The Mary Washington Asparagus
Landreth actually sells asparagus seed, but we recommend that you start with two year old roots instead, which we also sell. It takes 5-7 years to get an asparagus crop from seed. It takes 2-3 years when you start with roots. Asparagus is native to Eastern Europe, Russia and the Caucasus. It has been cultivated for at least 2000 years and was a favorite of both the Greeks and Romans. Asparagus arrived in the United States with the early colonists. The earliest varieties were purple tipped. Mary Washington was introduced in 1919 by J. B. Norton, a scientist from the US Department of Agriculture who spent his life working on rust-resistant varieties of asparagus. Like the early asparagus varieties, Mary Washington produces thin spears, not the thick spears we find in the grocery stores. An asparagus bed will last about 30 years and then it loses its productivity dramatically. Only plant an asparagus bed if you are going to be in residence for at least 5 years. A mature asparagus bed containing 7 roots, after approximately 5 years, will produce more than 50 pounds of asparagus in one growing season.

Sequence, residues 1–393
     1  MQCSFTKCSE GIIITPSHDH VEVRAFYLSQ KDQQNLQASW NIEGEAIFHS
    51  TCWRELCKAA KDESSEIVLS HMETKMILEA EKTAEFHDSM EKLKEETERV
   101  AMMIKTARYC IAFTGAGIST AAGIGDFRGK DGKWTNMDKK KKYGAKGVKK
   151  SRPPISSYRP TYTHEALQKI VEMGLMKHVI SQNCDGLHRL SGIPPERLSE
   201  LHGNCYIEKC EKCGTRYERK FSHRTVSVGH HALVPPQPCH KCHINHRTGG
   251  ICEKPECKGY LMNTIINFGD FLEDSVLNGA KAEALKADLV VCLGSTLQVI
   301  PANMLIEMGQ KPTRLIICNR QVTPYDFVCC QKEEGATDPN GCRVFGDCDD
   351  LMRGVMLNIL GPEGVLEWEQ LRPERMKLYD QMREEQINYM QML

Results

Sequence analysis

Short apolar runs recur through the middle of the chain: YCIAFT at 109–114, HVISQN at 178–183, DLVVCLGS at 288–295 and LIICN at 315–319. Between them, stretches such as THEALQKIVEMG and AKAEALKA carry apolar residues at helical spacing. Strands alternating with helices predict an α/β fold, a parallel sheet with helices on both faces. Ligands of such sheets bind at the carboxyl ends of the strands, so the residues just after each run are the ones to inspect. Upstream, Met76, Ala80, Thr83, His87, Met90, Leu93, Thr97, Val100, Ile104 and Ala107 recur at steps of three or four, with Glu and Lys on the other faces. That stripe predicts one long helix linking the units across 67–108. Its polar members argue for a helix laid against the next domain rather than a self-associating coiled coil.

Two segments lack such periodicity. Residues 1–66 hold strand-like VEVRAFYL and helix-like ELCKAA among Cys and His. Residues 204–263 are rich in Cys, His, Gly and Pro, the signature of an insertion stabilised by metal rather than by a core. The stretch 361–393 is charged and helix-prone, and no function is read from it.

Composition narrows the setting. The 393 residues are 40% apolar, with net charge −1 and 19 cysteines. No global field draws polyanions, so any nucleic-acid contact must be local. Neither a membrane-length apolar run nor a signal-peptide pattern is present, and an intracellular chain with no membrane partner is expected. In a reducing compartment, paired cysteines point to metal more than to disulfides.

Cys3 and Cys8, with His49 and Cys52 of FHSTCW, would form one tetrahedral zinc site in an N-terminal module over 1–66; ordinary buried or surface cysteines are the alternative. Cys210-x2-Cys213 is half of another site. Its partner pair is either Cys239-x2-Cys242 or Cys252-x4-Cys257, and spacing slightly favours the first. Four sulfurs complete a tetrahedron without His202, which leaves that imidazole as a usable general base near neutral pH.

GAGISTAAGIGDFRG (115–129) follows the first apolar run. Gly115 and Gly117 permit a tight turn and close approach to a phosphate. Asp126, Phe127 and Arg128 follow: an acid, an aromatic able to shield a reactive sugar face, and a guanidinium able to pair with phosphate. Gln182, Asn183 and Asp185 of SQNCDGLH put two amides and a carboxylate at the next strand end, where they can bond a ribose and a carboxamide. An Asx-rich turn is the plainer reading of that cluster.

Note: I’ve always wanted to grow asparagus, and this year I am going to get started. My grandmothers both grew it, but neither really ate it. When I was a kid I hated asparagus, but the only example I ever had of it was out of a can, boiled to death twice. When I went to college and started cooking for myself, I gave it another try and totally fell in love with it. But, since most asparagus in the grocery store tastes like cardboard since it’s had to travel halfway around the world to get to me, I don’t buy it often. But now…just you wait. There will be SO MANY asparagus recipes on this blog soon. I’m going to have to get creative with it, since 7 roots will produce 50 pounds of asparagus and I plan on planting a lot more than 7 roots.